Categorized | Environment

Dryland forest symposium set for Feb. 24


The 2012 Nahelehele Dry Forest Symposium will highlight dryland forest ecology and restoration efforts in Hawaii. The symposium is 9 a.m.-4 p.m. Friday, Feb. 24 at the Outrigger Keauhou Beach Resort.

The 2012 conference will emphasize “Connections’ in Hawaiian dry forests — between the past and the present, people and the forest, uplands and lowlands, and between the forest and the animals that inhabit them.

The dryland forests of Hawaii are fragile habitats that are home to many of the rarest plants in the world. Dryland forests were once considered to be the most diverse forest ecosystem on the Hawaiian Islands but today they are extremely deforested and degraded.

Only remnant patches of the habitat remain to remind us of the highly diverse community of plants and animals that once dominated the landscape of West Hawaii.

How Hawaii’s unique dryland forests evolved and the relationships between the forest, people and other forest inhabitants will be the focus of this year’s Dryland Forest Symposium.

This year is the sixth annual Nahelehele Dryland Forest Symposium. It will feature presentations by Hawaii plant and animal experts from around the state.

The program includes talks about the origins of dryland forest species in Hawaii; linkages between the forest and generations of people; the complex roles of alien animals as pollinators, seed dispersers and seed predators; effects of ungulates on dry forests; and Hawaii’s native birds.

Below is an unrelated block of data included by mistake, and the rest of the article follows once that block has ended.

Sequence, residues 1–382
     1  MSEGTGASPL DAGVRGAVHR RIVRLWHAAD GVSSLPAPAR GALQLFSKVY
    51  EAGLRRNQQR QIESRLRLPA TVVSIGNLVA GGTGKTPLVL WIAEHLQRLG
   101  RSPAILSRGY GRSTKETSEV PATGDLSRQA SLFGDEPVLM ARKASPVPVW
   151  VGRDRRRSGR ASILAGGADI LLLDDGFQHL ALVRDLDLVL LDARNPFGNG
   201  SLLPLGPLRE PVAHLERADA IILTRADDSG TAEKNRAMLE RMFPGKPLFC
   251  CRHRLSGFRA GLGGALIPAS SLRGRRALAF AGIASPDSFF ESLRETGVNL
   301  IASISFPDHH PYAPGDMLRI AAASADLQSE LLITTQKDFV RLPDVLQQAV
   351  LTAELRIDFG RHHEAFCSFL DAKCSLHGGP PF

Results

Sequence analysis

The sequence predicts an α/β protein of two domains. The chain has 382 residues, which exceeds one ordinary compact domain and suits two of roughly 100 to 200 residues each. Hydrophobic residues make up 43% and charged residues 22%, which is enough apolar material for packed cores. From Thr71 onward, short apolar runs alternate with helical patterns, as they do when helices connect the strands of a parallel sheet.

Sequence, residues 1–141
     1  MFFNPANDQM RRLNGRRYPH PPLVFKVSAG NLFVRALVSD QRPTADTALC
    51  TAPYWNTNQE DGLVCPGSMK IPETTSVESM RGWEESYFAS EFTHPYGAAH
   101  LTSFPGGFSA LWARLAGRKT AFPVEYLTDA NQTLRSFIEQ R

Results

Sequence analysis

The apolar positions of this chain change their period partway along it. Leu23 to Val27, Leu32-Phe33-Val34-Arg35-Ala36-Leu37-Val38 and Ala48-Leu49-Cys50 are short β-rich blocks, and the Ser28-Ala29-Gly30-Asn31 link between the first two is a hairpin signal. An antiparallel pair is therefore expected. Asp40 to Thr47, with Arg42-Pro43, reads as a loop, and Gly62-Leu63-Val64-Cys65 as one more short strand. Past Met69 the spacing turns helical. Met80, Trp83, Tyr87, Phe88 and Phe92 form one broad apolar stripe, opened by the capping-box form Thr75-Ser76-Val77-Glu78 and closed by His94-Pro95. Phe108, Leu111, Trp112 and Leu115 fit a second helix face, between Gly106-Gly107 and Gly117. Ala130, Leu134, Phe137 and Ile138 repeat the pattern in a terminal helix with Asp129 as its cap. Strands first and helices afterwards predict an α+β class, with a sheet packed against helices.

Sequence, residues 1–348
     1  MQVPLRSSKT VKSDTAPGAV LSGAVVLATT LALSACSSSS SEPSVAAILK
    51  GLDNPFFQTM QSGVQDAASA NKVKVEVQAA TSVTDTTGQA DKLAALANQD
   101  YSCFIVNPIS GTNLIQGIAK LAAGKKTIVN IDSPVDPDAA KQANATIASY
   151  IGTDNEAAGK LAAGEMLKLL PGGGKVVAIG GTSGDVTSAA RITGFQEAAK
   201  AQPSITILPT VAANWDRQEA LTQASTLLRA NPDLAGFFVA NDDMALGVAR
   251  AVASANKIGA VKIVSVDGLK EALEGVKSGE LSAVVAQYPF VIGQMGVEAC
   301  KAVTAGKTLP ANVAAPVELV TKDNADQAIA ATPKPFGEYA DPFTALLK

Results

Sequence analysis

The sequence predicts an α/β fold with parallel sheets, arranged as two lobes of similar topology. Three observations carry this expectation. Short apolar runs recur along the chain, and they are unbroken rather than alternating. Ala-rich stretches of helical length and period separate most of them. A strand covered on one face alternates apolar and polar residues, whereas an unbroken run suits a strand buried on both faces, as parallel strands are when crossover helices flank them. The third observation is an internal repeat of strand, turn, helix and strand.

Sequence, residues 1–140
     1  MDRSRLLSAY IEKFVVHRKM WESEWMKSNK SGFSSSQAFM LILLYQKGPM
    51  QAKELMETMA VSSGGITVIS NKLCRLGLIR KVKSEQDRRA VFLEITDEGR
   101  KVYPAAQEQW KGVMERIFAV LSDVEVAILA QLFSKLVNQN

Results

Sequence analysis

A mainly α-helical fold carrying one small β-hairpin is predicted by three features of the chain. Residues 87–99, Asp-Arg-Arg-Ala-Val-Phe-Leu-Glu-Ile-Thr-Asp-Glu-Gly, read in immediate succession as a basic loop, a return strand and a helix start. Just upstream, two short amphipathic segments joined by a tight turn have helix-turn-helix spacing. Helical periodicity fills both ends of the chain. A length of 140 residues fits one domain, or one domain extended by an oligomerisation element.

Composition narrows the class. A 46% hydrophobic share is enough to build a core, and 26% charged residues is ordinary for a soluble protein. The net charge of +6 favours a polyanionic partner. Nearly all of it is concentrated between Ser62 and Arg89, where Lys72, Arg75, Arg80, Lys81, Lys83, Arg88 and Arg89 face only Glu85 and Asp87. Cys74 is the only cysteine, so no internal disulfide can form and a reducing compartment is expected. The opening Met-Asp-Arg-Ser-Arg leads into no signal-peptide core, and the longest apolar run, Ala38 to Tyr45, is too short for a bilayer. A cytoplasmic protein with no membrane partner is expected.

There will be other talks about the role of fire in shaping dry forest succession, restoration efforts at Auwahi (Maui), and the Mauna Kea Forest Restoration Project.

An optional field trip on the geology, botany and culture of Kaloko-Honokohau National Historical Park will precede the symposium 9:20 a.m.-12:30 p.m. Thursday, Feb. 23.

This field trip will include an overview of the geology of Hualalai and Kaloko-Honokohau National Historical Park and a hike to the coast to view a variety of lowland indigenous and endemic Hawaiian plants.

The hike passes through a native plant restoration project conducted from 2000-2007, a petroglyph field, and over different aged lava fields. Trip leaders Jill Wagner and Mark Solien will explore what this coastal forest looked like thousands of years ago based on pollen samples from a sediment core dating to the time before human habitation. The trip will end with a sack lunch on the beach.

The public is invited to attend the symposium and field trip.

Register by downloading the registration form at and emailing it to Cortney Hoffman at, faxing it to 808-885-6707, or call Cortney at 808-443-2757.

Symposium registration by February 13 is $55, which includes lunch. After February 13, the registration fee increases to $70. Student registration is $35, increasing to $45 after Feb. 13. The field trip is $25 ($15 for students, ID required), and no late registrations will be accepted.

The Nahelehele Dryland Forest Symposium is a project of Kaahahui o ka Nahelehele, a non-profit organization dedicated to dry forest advocacy and partnerships.

Sponsors of this symposium include Bishop Museum’s Amy B.H. Greenwell Ethnobotanical Garden, Hawaii Forest Industry Association, HTA Kukulu Ola: Living Hawaiian Culture Program and The Kohala Center.

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